“In Leiter's view, New York is a city that doesn't know the word rest - every single person on its streets is rushing from home to work and vice versa.”
For many enthusiasts of photography, New York has always been a city of contrasting black-and-white tones and an interplay between shadow and light. Many famous photographers like André Kertész (1894-1985), Diane Arbus (1923-1971), Weegee (1899-1968) and Richard Avedon (1923-2004) captured this rough and hostile from the first site city in deep, dramatic and monogram shades. However, a photographer from Pittsburgh, United States, Saul Leiter (1923-2013) looked at New York differently. For him, it was a vivid city that gathered under its roof DiMaggio and Sinatra, but also, anonymous bums and chauffeurs. In Leiter's view, New York is a city that doesn't know the word rest - every single person on its streets is rushing from home to work and vice versa. Visually speaking, the city is a real symphony of neon greens and reds of the traffic lights, thick yellow gouache of taxis, ochre and burgundy watercolour of umbrellas and hats of the passerby.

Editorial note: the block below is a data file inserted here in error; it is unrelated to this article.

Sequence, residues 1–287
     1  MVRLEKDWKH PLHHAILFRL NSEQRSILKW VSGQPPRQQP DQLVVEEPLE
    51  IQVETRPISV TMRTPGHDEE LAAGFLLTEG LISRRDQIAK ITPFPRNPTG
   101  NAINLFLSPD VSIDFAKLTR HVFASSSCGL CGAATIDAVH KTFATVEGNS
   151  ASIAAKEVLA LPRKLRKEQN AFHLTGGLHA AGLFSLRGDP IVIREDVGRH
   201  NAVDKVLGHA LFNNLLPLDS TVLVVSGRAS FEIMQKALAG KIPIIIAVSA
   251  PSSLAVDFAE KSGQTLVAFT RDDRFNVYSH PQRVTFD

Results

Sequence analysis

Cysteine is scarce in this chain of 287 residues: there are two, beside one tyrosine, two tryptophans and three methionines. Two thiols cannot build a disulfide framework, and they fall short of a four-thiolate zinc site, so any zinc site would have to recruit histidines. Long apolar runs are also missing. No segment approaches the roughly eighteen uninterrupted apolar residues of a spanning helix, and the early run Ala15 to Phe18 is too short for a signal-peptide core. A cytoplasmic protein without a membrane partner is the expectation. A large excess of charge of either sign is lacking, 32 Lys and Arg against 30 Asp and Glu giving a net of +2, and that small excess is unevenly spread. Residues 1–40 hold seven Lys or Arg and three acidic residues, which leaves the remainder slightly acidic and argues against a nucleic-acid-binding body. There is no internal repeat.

Because Leiter was the first photographer who decided to interpret the evolution of the city in visual terms from the Bronx to Manhattan in colour without the fear of being vulgar and tasteless, with his work, he set an example of the most sophisticated street photography in the world.
Saul Leiter didn't establish himself as a photographer from a young age, first being a rabbi and after, a painter. Only in 2005, when the photographer was already 82, his early color photography has finally become the subject of a well-received exhibition at the Howard Greenberg Gallery in Manhattan.